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We examine the pricing of aggregate volatility risk in the cross-section of stock returns. Consistent with theory, we find that stocks with high sensitivities to innovations in aggregate volatility have low average returns. Stocks with high idiosyncratic volatility model have abysmally low average returns. This phenomenon cannot be explained by exposure to(More)
Green and Hollifield (1992) argue that the presence of a dominant factor is why we observe extreme negative weights in mean-variance-efficient portfolios constructed using sample moments. In that case imposing no-shortsale constraints should hurt whereas empirical evidence is often to the contrary. We reconcile this apparent contradiction. We explain why(More)
Understanding volatility in emerging capital markets is important for determining the cost of capital and for evaluating direct investment and asset allocation decisions. We provide an approach that allows the relative importance of world and local information to change through time in both the expected returns and conditional variance processes. Our(More)
We propose a dynamic equilibrium model of a multi-asset market with stochastic volatility and transaction costs. Our key assumption is that investors are fund managers, subject to withdrawals when fund performance falls below a threshold. This generates a preference for liquidity that is time-varying and increasing with volatility. We show that during(More)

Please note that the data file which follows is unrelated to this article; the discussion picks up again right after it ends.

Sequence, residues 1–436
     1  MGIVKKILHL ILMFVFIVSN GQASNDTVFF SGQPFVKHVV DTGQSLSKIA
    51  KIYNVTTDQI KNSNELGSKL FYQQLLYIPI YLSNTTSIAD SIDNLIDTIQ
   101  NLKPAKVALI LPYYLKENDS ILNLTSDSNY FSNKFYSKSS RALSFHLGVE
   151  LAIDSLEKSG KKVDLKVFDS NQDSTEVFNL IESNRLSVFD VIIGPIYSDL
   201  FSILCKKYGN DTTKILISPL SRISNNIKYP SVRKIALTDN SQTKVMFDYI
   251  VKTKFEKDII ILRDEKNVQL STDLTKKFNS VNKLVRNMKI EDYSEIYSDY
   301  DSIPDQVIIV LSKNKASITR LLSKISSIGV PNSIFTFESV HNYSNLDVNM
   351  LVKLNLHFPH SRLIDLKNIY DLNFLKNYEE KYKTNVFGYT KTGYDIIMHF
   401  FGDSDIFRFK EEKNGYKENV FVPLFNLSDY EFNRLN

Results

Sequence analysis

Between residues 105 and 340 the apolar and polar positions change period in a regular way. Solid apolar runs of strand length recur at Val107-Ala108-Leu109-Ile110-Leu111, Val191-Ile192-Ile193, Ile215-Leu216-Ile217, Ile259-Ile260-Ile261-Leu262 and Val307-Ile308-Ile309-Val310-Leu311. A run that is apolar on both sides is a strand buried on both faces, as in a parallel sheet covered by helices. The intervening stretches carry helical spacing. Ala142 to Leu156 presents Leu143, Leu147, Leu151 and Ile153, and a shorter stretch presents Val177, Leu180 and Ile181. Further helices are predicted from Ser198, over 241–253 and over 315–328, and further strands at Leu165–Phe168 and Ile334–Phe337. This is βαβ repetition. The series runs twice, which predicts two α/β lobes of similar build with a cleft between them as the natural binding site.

A 'cross-sectional regression test' (CSRT) of the CAPM is developed and its connection to the Hotelling T* test of multivariate statistical analysis is explored. Algebraic relations between the CSRT, the likelihood ratio test and the Lagrange multiplier test are derived and a useful small-sample bound on the distribution function of the CSRT is obtained. An(More)
We examine how price impact in the underlying asset market affects the repli-cation of a European contingent claim. We obtain a generalized Black-Scholes pricing PDE and establish the existence and uniqueness of a classical solution to this PDE. We show that unlike the case with transaction costs, replication in the presence of price impact is always(More)
This paper shows that the existence of managerial ability, combined with the labor contract prevalent in the industry, implies that the closed-end fund discount should exhibit many of the primary features documented in the literature. We evaluate the model's ability to match the quantitative features of the data, and find that it does well, although there(More)